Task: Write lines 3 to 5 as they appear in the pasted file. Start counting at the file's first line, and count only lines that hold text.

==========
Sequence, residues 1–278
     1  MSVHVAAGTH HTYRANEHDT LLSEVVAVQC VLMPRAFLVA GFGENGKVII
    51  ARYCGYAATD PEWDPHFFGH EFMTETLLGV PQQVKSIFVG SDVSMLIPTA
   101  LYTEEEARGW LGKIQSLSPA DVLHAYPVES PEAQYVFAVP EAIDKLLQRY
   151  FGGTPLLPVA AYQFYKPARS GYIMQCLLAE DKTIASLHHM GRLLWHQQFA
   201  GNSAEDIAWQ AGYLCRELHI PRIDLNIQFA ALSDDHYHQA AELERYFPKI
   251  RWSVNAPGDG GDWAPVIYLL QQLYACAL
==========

    51  ARYCGYAATD PEWDPHFFGH EFMTETLLGV PQQVKSIFVG SDVSMLIPTA
   101  LYTEEEARGW LGKIQSLSPA DVLHAYPVES PEAQYVFAVP EAIDKLLQRY
   151  FGGTPLLPVA AYQFYKPARS GYIMQCLLAE DKTIASLHHM GRLLWHQQFA